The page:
Newberger says that Sanchez jokingly asked Daniel, “Do you want this one too?,” pointing to his real garbage truck.
“I said, ‘He does want your truck,’” Newberger recalled, adding that Sanchez quickly got back into his truck after the exchange in order to finish his route.
Sanchez’s employer, E.J. Harrison and Sons, found out about their employee’s good deed and gifted him with a gift certificate to a local restaurant.
“This was something he did absolutely on his own,” company spokeswoman Nan Drake said of Sanchez, who has worked there for nearly a decade. “We’re so proud of him.”
The video of Sanchez giving Daniel the truck has gone viral, with more than 60,000 shares and 6,000 likes. The response has been so overwhelming that Newberger created a separate Facebook page, “The Gift,” as a place for parents of children with autism to share uplifting stories.
“I asked people to share the gifts about their kids because a lot of times, with kids with autism, it’s just about the struggle,” Newberger said. “I’m glad it’s showing the positive side of autism.”
“The response has been so overwhelming,” she said.
CAPE CANAVERAL, Fla. — The International Space Station has one less capsule and a lot less trash.
A commercial cargo ship ended its five-week visit Tuesday morning. NASA astronaut Michael Hopkins used the space station’s big robot arm to release the capsule, called Cygnus.
Cygnus is filled with garbage and will burn up when it plunges through the atmosphere Wednesday.
Orbital Sciences Corp. launched the capsule last month from Virginia under a $1.9 billion contract with NASA. The Cygnus delivered 3,000 pounds of goods, including belated Christmas gifts for the six-man crew and hundreds of ants for a student experiment.
The ants are still aboard the space station. They’ll return to Earth aboard another company’s supply ship, the SpaceX Dragon.
NASA is paying Orbital Sciences and SpaceX to keep the space station stocked.
Our product line provides well built, attractive, and cost effective multi-purpose storage solutions that save time and work. Made with pride in Oakhurst, California, we have a Trash Knight™ to suit your residential or commercial needs and budget.
- Two Can Fixed, Rolling or Towable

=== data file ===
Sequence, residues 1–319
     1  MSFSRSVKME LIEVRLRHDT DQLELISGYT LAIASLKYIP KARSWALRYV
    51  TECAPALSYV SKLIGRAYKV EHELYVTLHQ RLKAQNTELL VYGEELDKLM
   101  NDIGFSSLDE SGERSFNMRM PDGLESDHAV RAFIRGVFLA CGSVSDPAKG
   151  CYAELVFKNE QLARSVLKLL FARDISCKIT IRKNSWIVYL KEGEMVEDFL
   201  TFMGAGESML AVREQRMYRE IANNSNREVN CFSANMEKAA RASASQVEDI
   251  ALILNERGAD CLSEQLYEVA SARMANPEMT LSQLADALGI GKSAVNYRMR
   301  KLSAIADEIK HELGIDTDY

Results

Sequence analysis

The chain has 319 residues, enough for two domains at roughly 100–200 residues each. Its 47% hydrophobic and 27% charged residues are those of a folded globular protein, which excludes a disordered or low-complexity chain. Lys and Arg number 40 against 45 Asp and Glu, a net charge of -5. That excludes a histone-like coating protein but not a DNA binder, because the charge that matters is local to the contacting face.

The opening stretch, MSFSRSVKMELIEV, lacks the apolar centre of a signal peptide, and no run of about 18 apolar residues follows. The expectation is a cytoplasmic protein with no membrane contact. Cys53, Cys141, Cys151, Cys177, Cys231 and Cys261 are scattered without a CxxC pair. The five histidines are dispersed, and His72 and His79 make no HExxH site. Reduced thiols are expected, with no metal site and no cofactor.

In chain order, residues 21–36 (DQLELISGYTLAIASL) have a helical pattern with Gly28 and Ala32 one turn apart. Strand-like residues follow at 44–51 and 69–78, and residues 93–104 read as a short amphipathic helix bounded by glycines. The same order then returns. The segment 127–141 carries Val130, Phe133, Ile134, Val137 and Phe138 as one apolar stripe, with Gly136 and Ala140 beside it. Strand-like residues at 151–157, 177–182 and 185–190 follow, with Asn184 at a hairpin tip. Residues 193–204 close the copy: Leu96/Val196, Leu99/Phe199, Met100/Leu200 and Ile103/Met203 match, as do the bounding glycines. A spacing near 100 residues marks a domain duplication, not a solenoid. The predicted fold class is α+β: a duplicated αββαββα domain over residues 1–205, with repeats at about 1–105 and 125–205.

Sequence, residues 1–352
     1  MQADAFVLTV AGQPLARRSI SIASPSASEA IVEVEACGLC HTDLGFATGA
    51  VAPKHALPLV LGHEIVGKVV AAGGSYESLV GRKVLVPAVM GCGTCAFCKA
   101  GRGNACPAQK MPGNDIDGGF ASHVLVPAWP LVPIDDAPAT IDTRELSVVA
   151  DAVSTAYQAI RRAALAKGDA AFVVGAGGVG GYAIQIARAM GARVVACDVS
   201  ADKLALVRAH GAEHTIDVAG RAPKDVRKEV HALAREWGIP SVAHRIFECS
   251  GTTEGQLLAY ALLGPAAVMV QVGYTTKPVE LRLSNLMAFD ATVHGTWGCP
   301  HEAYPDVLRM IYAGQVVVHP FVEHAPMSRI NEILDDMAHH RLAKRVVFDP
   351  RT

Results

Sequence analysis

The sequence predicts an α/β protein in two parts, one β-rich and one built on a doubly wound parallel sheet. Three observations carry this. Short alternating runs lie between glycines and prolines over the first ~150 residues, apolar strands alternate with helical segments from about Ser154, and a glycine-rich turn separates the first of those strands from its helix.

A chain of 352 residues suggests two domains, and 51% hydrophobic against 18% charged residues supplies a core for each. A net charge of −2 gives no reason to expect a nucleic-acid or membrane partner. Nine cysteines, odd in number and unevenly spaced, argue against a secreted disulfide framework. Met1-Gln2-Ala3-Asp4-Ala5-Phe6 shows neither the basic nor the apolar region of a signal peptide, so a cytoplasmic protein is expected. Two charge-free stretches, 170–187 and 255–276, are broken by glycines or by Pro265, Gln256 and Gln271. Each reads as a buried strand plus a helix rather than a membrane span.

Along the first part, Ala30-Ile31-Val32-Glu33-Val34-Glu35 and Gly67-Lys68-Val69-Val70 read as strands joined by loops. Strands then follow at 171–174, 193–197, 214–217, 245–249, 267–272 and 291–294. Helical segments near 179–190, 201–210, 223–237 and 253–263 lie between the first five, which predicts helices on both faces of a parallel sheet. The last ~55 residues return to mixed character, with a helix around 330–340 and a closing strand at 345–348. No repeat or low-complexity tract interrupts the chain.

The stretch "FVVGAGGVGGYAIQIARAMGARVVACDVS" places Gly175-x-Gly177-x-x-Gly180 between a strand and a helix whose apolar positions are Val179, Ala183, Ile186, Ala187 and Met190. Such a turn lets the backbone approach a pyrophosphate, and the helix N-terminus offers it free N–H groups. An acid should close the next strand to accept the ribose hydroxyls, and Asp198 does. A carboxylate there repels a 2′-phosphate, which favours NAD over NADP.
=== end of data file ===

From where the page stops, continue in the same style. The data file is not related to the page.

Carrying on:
- Three Can Fixed, Rolling or Towable
- Adjustable feet for fixed units (helps to manage uneven surfaces and slope challenges) galvanized
- Towing Option employs sliding, retractable tongue, flat-proof tires and small front steering casters. please call for more information.
- Economy Latch System: Less convenient, but even stronger.
96 GALLON PRODUCTS (Click HERE for information & gallery)
- Two or Three can
- Manual Pull or Towable
- Easy Load Gate
- “It was a pleasure meeting with you today to look at your bear resistant garbage can system. Based on what I saw today, our route drivers will be instructed to service a customer that has one of your units out at the curb, as long as they have not made any modifications to your design. If anyone has any further questions or concerns, please feel free to give them my name and number.” General Manager for Emadco Disposal Service, Inc., Oakhurst, CA
- “Just wanted to say thanks for your innovative trash can design. In the past, I’ve had to drag trash cans up the drive way which sometimes results in them tipping over and spilling all of the garbage down the driveway. That is obviously a hassle when trying to get to work on time! Plus, we’ve had a substantial raccoon infestation which these new trash cans have FINALLY resolved. No more sneaky raccoons!!! Thanks so much for helping us take our trash out of the dark ages!!!” – Joesph & Ronda C., Oakhurst, CA
- “Plain and simple…TRASH KNIGHT WORKS!!! (I have photos!) I’ve had the Trash Knight for about 6 months now and I love it! When I wake up in the morning and look out the window, I expect to see the beautiful mountains we live near, not last night’s dinner STREWN across the driveway. Trash Knight ensures that I won’t have to pick up the scattered trash ever again! I have experienced these proven results. (Again…I have photos!!) We had Phil, the creator of Trash Knight add the tow hitch to our Trash Knight so I can tow it with our quad up to the dumpster. It is so easy! I have saved time, energy and frustration by purchasing the Trash Knight!” – Julie G., Oakhurst, CA